Composed and Performed by Alexander Berne
Harley Gaber: I Saw My Mother Ascending Mt. Fuji
Innova distinguishes itself here with three superior releases, each one deserving of attention in its own right. Having said that, while Gaber's classical-drone setting and Psychoangelo's trumpet-and-electronics excursions are powerful, Alexander Berne's ambitious three-disc opus impresses most of all for presenting polyphonic musical content that's so ravishing. His is truly a world music in that there's a primal and unadulterated quality to the material that would enable it to speak directly to any listener, regardless of ethnicity or geographic locale. And that it's produced entirely free of synthesizers and samples bolsters that quality. Berne's that rare artist who can integrate lyricism, spirituality, and prodigious technical command into a single package, and his intricately woven lamentations constitute a potent sound-world that's regrettably too seldom encountered.
In the liner notes to the first of the set's three discs, The Soprano Saxophone Choir, Berne writes, “There seems to be a special, even mystical quality when an instrument is multipled by itself…a choir. This recording is an exploration of that choir phenomenon: many soprano saxophones living together, magnifying the ‘overtonal,' textural, harmonic, vibratory, ‘soundistic' experience.” His words neatly capture the wondrous character of the music, not just on the saxophone disc but on the other two as well. The interweave of Glass-ian sax swirls casts an hypnotic spell on the listener that's intoxicating. In tracks such as “Gardens” and “Hyacinth,” Berne uses rising-and-falling pitch-shifting to deepen the music's entrancing effect, such that one finds oneself caught up in the music's swoon. That the music involves a single instrument hardly means the results are one-dimensional. “Eschaton,” in contrast to the aformentioned pieces, cultivates mystery in juxtaposing the lonely, bird-like call of a single saxophone and the low-pitched rumble of a drone. During “Magic,” the instrument's snake-charming melodies appear but then, teasingly, vanish before just as suddenly re-appearing.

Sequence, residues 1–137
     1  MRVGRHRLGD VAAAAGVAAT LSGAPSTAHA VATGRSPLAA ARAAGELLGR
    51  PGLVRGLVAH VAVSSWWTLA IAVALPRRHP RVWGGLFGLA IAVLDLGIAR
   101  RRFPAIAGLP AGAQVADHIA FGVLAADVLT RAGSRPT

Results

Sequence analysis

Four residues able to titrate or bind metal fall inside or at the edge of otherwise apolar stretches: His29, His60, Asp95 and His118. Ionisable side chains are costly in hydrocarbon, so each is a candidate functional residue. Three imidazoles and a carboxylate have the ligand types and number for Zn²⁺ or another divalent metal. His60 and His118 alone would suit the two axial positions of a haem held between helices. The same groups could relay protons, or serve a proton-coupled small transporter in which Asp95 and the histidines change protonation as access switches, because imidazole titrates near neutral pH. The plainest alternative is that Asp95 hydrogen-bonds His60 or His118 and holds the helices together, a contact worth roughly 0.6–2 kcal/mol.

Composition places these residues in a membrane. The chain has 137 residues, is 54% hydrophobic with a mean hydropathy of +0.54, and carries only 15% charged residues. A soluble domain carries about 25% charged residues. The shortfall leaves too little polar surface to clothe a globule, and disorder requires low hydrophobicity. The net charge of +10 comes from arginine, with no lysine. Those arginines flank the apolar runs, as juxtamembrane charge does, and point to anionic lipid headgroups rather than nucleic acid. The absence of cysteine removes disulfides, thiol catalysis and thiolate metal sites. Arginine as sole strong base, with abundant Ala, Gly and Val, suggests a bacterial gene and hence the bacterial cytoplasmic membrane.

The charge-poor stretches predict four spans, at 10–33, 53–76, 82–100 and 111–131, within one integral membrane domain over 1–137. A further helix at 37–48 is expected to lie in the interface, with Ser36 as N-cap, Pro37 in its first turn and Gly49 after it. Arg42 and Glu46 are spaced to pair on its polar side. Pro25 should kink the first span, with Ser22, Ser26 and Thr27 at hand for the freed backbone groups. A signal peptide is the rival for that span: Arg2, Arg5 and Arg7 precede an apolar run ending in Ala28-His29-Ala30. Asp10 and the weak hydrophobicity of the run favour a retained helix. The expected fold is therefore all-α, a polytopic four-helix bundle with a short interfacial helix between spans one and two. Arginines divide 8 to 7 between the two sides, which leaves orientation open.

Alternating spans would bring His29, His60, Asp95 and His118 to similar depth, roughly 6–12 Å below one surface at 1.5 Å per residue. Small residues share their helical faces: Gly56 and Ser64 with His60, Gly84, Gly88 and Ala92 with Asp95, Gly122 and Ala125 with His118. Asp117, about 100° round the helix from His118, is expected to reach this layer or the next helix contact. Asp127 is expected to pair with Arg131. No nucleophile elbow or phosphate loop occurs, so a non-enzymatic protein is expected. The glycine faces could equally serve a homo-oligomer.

The second disc, The Saduk, sees Berne's music undergo a significant timbral change as the soprano saxophone is replaced by the saduk, an open-holed flute-reed hybrid created by him (though the saduk is the dominant voice, other sounds include wordless vocals by Christo Nicholoudis, percussion, and saxophone). Nevertheless, the middle set's eight pieces prove to be as spellbinding as those on the first, whether it's the mournful quietude of the opening “Aubade,” the crystalline allure of “Wanderer,” or the trance-inducing mysticism of “Clepsydra.” On disc three, The Abandoned Orchestra, Berne supplements the soprano saxophone and saduk with the sadukini (a ‘conically functioning' saduk), the tridoulaphone (a flute-reed hybrid heard in multiple registers), and a reeded slide trumpet. If anything, the music feels as if it's traveled even further east on the final disc and expanded into an even richer and more encompassing sound world. It's also more ensemble-oriented in design, with downtempo beats(!) of all things making a jarring appearing on “Lustening.” Continuity from one part to the next is established when Berne complements the opening disc's twelve-minute meditation “Chronicles” with the second's even more immersive “Chronicles 2,” which feels like a distillation into sonic form of the time-suspending drift of an opium-induced experience, and the final disc's “Chronicles 3,” at nineteen minutes the longest treatment of the the three. While Berne used the title “Sirens” for one of the middle disc's most seductive pieces, he might just as well have selected it as a title for the collection itself in place of the more prosaic Composed and Performed By. If there's a single word that captures Berne's music in a single word, it's siren-esque.